A prime example of such engagement was presented by Quicken Loans, a US-based mortgage and retail lender, during its NMX presentation. Launched in 2011, the company's blog is a lead generating and SEO (search engine optimisation) tool, but also a conversation platform. The company has recently teamed with Allstate, an insurance company, in order to build cross-expertise on its blog, a move that was greeted enthusiastically by many industry experts participating at the event.

Overall, discretely securing engagement was deemed to be the key to success in any such venture. Greg Keller, LinkSmart's Chief Operating Officer, believes creating a 'personality' is the key to this. He says: "You have to be human and brands – big and small – understand that now. You have to hook a customer, but rather than just throw them into a purchase funnel, you need to touch them through soft engagement over and over and over again. Be an expert in your field and stay in the conversation with them."

Making use of the voices and personalities of the key influencers in their industry would be a smart move for many brands, according to Gary Arndt, an award-winning travel photographer, blogger and one of the keynote speakers at NMX.

He said: "The key is to use the power of the personality of such individuals." He cited the example of Expedia, one of the world's leading travel sites and its use of well-known travel bloggers, all with sizeable online followings of their own, to supply a considerable amount of its own content.

Arndt also believes that the human-to-human connection also works in other verticals, saying: "Comcast, the cable company, has "Comcast Bill", an actual person. He answers all their tweets. People react differently when they know there's a real person at the other end of a communication."

While video may be falling out of favour in preference to actual contact with genuine individuals, podcasts seem to still be growing in stature. Noah Shanok is Chief Executive of Stitcher, a San Francisco-based digital company that offers over 20,000 podcasts and radio shows for streaming. He believes the medium has recently found a new lease of life.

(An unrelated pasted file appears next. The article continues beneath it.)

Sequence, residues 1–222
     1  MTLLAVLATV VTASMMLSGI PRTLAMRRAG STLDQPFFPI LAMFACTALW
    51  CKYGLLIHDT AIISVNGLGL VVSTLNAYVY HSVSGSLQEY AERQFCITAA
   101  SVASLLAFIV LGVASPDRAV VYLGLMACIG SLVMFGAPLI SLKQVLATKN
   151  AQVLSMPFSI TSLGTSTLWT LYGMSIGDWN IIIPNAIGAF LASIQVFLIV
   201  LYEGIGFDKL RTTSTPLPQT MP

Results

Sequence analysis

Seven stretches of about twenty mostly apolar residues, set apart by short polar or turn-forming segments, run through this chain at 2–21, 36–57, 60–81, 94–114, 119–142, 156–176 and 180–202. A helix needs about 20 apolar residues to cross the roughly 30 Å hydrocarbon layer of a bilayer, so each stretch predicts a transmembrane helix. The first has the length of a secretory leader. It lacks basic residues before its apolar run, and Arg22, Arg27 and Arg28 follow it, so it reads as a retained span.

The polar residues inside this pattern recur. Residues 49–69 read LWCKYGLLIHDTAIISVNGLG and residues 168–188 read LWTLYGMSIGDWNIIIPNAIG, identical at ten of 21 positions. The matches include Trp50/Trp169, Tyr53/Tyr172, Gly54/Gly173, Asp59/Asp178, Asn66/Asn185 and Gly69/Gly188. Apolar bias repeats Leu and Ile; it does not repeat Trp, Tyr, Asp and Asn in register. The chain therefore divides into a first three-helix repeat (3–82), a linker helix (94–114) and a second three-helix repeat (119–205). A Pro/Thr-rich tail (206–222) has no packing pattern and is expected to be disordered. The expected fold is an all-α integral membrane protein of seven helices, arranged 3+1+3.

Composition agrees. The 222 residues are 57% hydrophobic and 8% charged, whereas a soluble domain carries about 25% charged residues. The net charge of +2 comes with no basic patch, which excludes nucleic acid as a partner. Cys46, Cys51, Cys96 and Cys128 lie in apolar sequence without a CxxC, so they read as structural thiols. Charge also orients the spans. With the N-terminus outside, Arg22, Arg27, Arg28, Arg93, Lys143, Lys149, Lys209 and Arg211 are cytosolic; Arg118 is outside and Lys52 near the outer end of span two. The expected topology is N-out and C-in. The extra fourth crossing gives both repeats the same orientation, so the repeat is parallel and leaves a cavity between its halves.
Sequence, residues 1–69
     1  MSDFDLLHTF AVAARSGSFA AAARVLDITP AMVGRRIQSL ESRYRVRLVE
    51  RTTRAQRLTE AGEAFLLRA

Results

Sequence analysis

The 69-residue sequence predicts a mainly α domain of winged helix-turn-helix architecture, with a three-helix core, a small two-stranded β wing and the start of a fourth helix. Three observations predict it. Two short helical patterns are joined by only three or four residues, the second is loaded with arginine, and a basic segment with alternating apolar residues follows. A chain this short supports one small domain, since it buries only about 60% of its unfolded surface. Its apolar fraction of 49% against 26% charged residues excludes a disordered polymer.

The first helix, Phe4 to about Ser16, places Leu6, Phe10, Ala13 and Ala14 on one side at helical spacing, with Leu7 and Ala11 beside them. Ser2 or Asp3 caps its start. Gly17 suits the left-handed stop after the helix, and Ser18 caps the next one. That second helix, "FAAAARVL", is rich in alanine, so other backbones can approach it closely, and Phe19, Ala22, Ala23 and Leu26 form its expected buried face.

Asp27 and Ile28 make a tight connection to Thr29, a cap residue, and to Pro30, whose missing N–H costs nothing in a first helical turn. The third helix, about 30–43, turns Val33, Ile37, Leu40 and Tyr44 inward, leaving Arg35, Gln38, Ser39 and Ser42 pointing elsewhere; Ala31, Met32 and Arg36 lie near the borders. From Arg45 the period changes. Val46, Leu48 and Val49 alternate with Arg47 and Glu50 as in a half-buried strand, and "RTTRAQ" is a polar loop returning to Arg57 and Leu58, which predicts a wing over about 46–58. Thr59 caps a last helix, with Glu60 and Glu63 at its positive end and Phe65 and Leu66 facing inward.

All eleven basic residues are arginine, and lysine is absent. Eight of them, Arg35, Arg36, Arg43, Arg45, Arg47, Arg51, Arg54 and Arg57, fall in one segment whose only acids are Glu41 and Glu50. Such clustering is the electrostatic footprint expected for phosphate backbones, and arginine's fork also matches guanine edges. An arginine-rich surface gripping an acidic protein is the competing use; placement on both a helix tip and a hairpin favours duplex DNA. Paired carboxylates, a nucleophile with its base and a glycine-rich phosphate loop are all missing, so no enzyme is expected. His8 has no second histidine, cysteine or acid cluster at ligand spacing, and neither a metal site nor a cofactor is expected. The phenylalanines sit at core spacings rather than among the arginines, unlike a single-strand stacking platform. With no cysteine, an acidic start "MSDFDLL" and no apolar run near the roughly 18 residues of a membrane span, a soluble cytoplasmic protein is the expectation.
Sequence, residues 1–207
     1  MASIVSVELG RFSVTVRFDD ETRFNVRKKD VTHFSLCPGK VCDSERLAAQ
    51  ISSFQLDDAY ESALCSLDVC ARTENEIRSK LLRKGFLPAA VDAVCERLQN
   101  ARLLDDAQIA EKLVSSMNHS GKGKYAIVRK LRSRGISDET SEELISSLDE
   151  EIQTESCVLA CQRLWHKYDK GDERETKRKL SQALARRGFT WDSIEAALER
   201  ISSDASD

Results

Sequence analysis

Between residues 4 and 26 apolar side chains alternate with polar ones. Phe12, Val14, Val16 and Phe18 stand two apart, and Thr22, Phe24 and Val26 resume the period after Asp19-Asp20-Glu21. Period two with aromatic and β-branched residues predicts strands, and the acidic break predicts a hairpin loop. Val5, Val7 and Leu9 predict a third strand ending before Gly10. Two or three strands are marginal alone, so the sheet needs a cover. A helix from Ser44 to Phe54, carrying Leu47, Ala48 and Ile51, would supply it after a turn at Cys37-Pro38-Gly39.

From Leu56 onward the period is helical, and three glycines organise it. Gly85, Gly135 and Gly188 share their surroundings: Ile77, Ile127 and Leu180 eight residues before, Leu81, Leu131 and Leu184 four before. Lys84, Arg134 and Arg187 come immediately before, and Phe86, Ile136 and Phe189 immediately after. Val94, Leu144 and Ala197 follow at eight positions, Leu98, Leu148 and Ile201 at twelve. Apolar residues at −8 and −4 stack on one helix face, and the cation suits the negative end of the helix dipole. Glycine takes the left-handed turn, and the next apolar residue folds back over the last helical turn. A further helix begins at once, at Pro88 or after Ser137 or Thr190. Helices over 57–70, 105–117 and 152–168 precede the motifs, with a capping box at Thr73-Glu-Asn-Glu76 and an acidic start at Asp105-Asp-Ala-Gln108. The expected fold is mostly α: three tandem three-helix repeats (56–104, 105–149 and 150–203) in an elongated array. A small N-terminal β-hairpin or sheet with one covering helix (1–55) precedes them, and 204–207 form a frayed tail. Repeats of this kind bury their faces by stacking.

He says: "We're seeing a huge amount of growth right now. We're seeing double digits in the number of applications last year to be on the Stitcher platform." According to Shanok, the key reason behind this growth is the improved connectivity between cars and personal devices, a development that allows people to easily listen to podcasts during their commute.

He says: "Over 50% of our audience now listen in a car. We're predicting that will be some four million Stitcher-enabled vehicles in the US by the end of this year."

Despite this, doubts remain as to whether podcasts really add value to brands. Currently, they are seen as having clear benefit for media companies as an enhancement to their print and online content. There's also a strong contingent of individual podcasters with a devoted following.

Describing how brands can make best use of the medium, Leo Laporte, a US-based technology journalist and podcaster, says: "The key for brands is not to use advertising in their podcasts. They can feature stories about how their product is used and relate customer experiences, but should stay away from ads. Unfortunately, most brands don't do a good job of distributing their podcasts either, tending to just put them on their website."

Laporte also believes that the number of the Chinese listeners for English programmes is "exploding". He says: "We're seeing a surge of consumption in China and, I believe, the increase in both the international production and consumption of podcasts will inevitably continue."

For many companies, marketing via new media remains a daunting challenge. Rick Mulready, host of the influential Inside Social Media podcast, believes the biggest single mistake many companies make is to not add value, but to simply go for the hard sell.

He says: "It's hard for many businesses to avoid overload. The key is, first of all, to decide whether your business is actually a suitable subject for a podcast. If the answer is yes, figure out your objectives and the platform that is favoured by your audience. Then get off your virtual soap box and offer them something of real value."

Photo: Blogging off: is online user content really key to shifting products? (Courtesy of NMX)
Blogging off: is online user content really key to shifting products?

The 8th annual New Media Expo took place from 4-6 January 2014 at the Rio Convention Center in Las Vegas.

Anna Huddleston, Special Correspondent, Las Vegas

Content provided by Picture: HKTDC Research